You're in the nuthouse, Mr. Jones. That's the gist of th drably titled "Mr. Jones," the picture that asks, "Have you hugged your manic-depressive today?"
This is another in an endless litany of Hollywood films that hopelessly sentimentalizes the cruel condition known as mental illness and holds that somehow the "touched" are more pure, more innocent, more special than the rest of us. Their agony, or so runs the line, is a higher form of being.
But give this one a tiny little sliver of credit. Instead of giving Mr. Jones -- Richard Gere -- a streak of genius to advance the cheap argument of insanity's preciousness, the movie clearly sees him as a misfit who has never made it and never will. His talents are small: the swaggering charm that can sometimes bunco dumb women into bed or desperate employers to hire him, a tiny gift for music, an ability to banter with everybody and a sense of the theatrical that just won't stop until it's become utterly irrational.
But the down side is the killer: He sinks so low he can hardly move. He's so consumed with self-loathing he's all but dysfunctional; he yearns for extinction, hears angry voices, wanders the streets in a rage hunting for his own death.
Is this the fattest part ever an actor got, or what? No wonder Gere executive-produced it as well as starred in it. He gets to paint all the colors of the rainbow, and one has to give him credit. There's not a shred of vanity or self-consciousness to the performance; he lets it all hang out, even to the point of permitting close-ups of a line of lower teeth that could have used a trip to the orthodontist back in the '50s.
The thankless role of the psychiatrist who aspires to treat but then falls in love with this madman goes to the Swedish actress Lena Olin, last seen abandoning Robert Redford in "Havana." She left Redford for a guy who who thinks he can fly? Go figure.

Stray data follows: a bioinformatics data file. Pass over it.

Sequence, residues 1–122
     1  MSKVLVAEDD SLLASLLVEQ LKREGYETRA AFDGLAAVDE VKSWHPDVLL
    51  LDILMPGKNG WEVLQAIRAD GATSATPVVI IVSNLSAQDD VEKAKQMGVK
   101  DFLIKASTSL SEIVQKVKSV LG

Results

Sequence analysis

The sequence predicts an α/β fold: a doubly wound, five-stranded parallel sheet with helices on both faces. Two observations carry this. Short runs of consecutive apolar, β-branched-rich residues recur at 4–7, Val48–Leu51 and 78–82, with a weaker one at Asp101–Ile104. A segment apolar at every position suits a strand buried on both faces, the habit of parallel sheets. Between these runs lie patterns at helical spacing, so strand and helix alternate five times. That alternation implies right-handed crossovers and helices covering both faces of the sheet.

Olin is so consummately professional she hides the essential absurdity of the role. She even makes it seem credible that a woman of her professional attainments would throw everything away for a roll in the hay with Gere, who after all is just a petty tyrant of the untrammeled ego, not a Beethoven himself.
Some of the marginal characters are far more interesting: Delroy Lindo plays a construction worker who keeps Gere from killing himself and then allows himself to be seduced into caring about him. It's a vivid performance of a character of utter decency. He manages to give Good Behavior a good name, and, frankly, I wish the movie had been about him.
"Mr. Jones" loses its way in the late going as it leaves the world of a publicly funded psychiatric clinic and focuses more intensely on the Gere-Olin relationship. And, finally, it buys the line that the sick are better off sick, rather than being pharmaceutically nudged back into "normalcy," which it sees as a kind of social tyranny. It's a fine argument, as long as the patients look like Richard Gere and can tickle a little Beethoven out of the ivories.
Starring Richard Gere and Lena Olin
Directed by Mike Figgis
Released by TriStar